1st factor: genetic predisposition
Many consider depression to be a hereditary disease, but a depressive gene does not exist. Genetic disposition means that the risk of disease is increased 3-fold if the parents or siblings already have it.
2nd Factor: Childhood and Youth
Childhood and adolescent experiences of loss and violence can increase the likelihood of depression later on. Often, normal stressors are enough to trigger depression. Factors 1 and 2 thus lower the threshold for depression in life under stress, since the brain has become more or less vulnerable to stress.
3. Factor: body and organs
These include disorders such as thyroid dysfunction, but also cardiovascular disease, which in different ways directly increase the risk of developing depression. But certain medications, drugs and alcohol can cause depression.
Factor: psychosocial stressors Critical life situations such as job loss, divorce, the sudden death of a loved one, a serious illness, an accident or chronic job stress can cause depression in any person. In the worst case, the factors 1 to 4 add up and then reduce the depression threshold so far that actually insignificant everyday experiences can trigger the disease.
depression is mainly treated on an outpatient basis. However, statistics show that the number of inpatient treatments is increasing, as well as the number of antidepressant prescriptions. Psychotherapy combined with medication is the most effective measure.
researchers also speak of the "puzzle depression". We know that brain chemistry is disturbed. But how fateful blows, emotional stress and metabolic changes in the brain are closely related, remains to be deciphered. To compensate for the disturbed brain chemistry, antidepressants are used. At the contact points between two nerve cells, the synapses, there is a shortage of the messengers serotonin and norepinephrine. There, these drugs start: In different ways, they increase the concentration of messengers. This can compensate for the depression associated with depression in the brain.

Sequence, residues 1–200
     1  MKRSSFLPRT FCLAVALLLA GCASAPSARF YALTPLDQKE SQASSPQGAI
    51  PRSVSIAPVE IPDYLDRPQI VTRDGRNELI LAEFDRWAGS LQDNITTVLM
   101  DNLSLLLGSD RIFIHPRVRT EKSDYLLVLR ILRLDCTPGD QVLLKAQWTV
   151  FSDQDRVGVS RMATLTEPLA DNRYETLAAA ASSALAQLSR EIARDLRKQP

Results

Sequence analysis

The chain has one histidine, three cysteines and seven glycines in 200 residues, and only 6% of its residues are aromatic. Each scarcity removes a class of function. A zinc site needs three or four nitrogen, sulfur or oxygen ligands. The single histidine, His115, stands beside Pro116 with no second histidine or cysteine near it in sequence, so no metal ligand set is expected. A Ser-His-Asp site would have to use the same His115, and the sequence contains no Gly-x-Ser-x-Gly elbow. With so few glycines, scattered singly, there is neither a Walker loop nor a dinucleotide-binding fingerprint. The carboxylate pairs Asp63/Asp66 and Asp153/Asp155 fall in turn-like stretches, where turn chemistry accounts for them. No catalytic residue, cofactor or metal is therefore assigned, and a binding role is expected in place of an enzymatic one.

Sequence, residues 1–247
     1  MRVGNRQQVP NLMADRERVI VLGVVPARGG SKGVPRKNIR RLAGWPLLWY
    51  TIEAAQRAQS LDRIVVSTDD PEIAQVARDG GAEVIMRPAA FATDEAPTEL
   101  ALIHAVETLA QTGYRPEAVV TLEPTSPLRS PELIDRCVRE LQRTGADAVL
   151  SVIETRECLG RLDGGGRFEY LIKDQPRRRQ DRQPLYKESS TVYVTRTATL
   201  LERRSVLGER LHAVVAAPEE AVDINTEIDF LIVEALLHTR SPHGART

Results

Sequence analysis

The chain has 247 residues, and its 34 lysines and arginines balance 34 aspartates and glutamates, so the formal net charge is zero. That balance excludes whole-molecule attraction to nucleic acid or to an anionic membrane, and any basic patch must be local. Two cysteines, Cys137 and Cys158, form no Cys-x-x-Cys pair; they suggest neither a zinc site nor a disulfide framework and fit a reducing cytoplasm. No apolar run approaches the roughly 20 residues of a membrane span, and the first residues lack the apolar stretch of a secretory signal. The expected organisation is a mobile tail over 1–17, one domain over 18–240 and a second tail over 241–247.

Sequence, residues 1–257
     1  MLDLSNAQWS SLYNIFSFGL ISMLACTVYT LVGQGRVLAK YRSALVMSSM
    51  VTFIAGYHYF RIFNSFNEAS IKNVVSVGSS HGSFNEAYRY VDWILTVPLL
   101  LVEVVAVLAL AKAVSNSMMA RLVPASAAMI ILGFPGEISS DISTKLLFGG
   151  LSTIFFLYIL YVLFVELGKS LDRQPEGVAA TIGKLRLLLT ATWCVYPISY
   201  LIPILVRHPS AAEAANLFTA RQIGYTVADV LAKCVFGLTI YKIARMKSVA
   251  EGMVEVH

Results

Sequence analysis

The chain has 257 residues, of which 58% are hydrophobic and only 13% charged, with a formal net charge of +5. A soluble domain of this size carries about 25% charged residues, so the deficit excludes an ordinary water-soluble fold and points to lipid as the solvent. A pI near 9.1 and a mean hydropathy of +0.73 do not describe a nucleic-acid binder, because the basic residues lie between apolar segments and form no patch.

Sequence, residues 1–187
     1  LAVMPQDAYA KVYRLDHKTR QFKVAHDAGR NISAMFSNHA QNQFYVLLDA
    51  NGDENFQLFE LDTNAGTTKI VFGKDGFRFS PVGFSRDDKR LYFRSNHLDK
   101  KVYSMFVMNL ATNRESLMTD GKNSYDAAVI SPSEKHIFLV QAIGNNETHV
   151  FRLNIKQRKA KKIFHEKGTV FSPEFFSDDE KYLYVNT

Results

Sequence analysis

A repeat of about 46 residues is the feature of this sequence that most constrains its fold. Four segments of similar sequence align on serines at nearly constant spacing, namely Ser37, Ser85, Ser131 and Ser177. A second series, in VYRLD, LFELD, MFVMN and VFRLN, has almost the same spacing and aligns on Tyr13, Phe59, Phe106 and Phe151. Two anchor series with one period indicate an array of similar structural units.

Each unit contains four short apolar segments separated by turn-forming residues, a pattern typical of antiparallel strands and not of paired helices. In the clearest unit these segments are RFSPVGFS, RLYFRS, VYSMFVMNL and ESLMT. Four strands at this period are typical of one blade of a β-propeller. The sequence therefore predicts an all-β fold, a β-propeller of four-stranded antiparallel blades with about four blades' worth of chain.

Today, we know that in severe depression, our stress hormone axis gets out of control and there is an increased release of the hormone cortisol. This hormone, which helps us cope with acute stress, becomes a stress factor for the brain in depression itself; This can lead to nerve cells even shrinking in sensitive brain regions such as the hippocampus and they can lose their connectivity. Antidepressant medications may be a stimulus to get rid of the dysregulations and help the brain regenerate.
Mild depression is often only treated by psychotherapy, in case of severe depression antidepressants are necessary - they make psychotherapy possible. First, sufferers must admit that they need help. Then they have to accept the diagnosis of depression. In conversations courage is made and work on possible solutions. The focus is on the work on self-esteem and self-efficacy. There are specific psychotherapy procedures for depression treatment, such as interpersonal psychotherapy for depression (IPT).
Depression symptoms increase over last year of life .
Many people experience worsening depression symptoms over their final year of life, and a U.S. study suggests that women, younger adults and poor people may be especially vulnerable. © fizkes/Getty ImagesFor the study, researchers examined data on 3,274 adults who participated in the nationwide Health and Retirement Study and died within one year of the assessment. All of the participants had completed mental health questionnaires and provided information on any medical issues they had as well as demographic factors like income and education levels.